The March 2014 forecast estimates annual employment growth of 2.2% in CY 2014, 2.4% in 2015, and 2.2% in 2015. Overall, the state estimates slow but steady recovery of jobs lost in the recession. State unemployment, typically above the national level, was 7.7% in 2013 against a national rate of 7.4%; a much closer margin as compared to the peak of the recession in 2009 when state unemployment was 120% of the national rate. For February 2014, the state unemployment rate of 6.9% continued to narrow the trend above the national average of 6.7%.
In 2013, Oregon's personal income (PI) growth of 3.5% was better than the 2.6% U.S. rate of growth, and recent quarterly trends have been robust; 3.1% yoy growth in the fourth quarter of 2013 as compared to 1.4% for the U.S. and 1.1% for the region. Per capita personal income in 2013 totaled $40,233, representing 90.3% of the U.S. level and ranking Oregon 32nd among the states. The state estimates 3.1% growth in PI in 2014 with improving 4.5% and 5.3% growth forecast in 2014 and 2015, respectively.
MODERATE DEBT BURDEN
As of June 30, 2013, the state's debt at 4.9% of 2013 personal income is above average but still a moderate burden on resources. Principal amortizes at a below-average pace but amortization has improved from fiscal 2011. In contrast to the prior downturn, the state did not undertake any deficit borrowing in the recent recession.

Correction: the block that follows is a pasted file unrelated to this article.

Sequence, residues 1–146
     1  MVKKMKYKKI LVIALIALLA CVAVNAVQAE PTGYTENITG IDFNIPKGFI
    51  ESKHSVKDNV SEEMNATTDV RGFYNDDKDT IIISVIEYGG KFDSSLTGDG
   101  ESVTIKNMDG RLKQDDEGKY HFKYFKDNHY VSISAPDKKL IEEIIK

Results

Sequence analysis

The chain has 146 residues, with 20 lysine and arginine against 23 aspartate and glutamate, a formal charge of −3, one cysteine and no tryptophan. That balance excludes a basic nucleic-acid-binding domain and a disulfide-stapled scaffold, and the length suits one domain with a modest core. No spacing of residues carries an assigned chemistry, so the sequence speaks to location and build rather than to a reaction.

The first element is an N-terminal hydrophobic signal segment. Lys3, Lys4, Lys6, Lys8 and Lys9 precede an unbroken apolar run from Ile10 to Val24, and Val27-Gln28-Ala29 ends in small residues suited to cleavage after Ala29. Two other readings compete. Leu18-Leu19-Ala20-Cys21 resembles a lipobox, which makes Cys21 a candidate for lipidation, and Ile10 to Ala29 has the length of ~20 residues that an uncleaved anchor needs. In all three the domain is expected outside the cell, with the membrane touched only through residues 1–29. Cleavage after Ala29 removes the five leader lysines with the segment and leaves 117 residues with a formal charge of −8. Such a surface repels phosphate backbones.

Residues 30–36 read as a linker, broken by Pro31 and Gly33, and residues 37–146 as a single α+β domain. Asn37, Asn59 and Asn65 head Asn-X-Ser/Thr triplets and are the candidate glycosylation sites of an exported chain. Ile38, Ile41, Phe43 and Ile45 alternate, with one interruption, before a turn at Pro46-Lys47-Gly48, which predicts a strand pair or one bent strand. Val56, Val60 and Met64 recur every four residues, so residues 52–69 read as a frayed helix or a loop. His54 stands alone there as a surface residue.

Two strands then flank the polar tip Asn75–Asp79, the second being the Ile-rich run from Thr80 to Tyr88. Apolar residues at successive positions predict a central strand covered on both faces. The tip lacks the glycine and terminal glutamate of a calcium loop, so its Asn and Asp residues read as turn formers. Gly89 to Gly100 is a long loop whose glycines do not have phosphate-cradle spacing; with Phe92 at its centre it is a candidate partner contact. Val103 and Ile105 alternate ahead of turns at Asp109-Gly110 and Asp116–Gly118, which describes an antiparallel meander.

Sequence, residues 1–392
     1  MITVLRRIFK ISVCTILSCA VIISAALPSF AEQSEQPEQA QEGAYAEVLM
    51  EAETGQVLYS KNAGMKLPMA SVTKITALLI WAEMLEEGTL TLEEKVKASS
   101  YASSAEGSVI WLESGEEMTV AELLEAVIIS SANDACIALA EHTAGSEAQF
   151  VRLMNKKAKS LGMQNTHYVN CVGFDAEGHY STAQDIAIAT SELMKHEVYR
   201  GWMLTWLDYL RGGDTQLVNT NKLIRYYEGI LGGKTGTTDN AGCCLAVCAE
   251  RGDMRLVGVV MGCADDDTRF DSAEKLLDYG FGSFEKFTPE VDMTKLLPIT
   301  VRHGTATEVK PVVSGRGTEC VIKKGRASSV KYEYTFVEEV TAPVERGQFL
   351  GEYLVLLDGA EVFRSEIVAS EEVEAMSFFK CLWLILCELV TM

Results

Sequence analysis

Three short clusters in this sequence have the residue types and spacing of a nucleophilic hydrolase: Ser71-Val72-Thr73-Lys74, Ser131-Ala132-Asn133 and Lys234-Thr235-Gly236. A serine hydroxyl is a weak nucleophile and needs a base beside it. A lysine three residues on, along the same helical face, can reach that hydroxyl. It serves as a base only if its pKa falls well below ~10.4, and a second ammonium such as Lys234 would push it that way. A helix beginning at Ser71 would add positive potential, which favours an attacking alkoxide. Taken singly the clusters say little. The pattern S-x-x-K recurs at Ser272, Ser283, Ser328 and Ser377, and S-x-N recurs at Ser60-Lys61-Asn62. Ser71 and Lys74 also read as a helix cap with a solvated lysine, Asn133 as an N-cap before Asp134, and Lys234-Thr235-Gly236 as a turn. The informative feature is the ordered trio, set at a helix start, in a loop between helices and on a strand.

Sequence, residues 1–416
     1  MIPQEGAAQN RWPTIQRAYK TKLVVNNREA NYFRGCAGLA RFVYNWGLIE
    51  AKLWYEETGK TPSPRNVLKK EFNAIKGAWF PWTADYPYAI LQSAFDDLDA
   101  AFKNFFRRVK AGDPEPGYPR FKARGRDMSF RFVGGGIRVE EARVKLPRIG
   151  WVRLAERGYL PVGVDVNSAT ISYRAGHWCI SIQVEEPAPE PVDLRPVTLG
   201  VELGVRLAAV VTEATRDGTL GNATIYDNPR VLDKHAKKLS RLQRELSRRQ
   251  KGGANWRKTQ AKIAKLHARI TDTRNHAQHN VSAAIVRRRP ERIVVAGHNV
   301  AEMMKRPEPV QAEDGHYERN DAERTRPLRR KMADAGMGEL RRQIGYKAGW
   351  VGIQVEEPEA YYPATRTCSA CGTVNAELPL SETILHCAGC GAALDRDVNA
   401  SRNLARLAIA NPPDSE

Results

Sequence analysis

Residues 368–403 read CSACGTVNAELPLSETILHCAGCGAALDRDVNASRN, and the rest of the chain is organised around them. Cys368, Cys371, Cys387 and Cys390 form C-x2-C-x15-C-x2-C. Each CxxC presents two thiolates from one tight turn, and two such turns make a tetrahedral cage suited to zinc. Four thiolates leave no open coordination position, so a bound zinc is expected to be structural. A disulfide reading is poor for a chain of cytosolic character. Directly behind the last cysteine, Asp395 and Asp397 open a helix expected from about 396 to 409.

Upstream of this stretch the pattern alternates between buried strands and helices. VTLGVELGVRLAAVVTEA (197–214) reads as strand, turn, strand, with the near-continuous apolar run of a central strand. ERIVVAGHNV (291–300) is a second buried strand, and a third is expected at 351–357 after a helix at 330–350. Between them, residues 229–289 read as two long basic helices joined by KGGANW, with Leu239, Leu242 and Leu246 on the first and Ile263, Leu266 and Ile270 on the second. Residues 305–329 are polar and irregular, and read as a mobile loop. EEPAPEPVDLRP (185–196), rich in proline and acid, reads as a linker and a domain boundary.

Two rounds of pension reform occurred in 2013; the first in the regular legislative session and the second, as part of a special fall legislative session. Reforms enacted in the regular session included; changes to the public employees' retirement system (PERS) to provide annual savings to employers, including limiting COLAs, and eliminating a benefit increase for out-of-state retirees based on the Oregon income tax; reducing employer contribution rates in the coming biennium. This legislation (SB 822) reduced the total system liability by approximately $2.6 billion (4.6%), providing $460 million in total system savings over the coming biennium to all employers, which included approximately $131 million in PERS contribution reductions for state agencies.
SB 822 contained a budget note that directed the PERS board to recalculate employer contribution rates, expected to provide an additional $350 million in total system savings over the 2013-2015 biennium. In May, 2013, the PERS board provided for a reduction of up to 4.4% of covered payroll for employer contribution rates; however, the board required that no employer pay less than the rate that was paid in the 2011-2013 biennium. Implementation of the directions in the budget note was expected to result in the full actuarially-calculated annual required contribution (ARC) not being met by employers for the two years in the current biennium. The legislation required contribution rates to increase in future biennia to offset the rate increase deferral.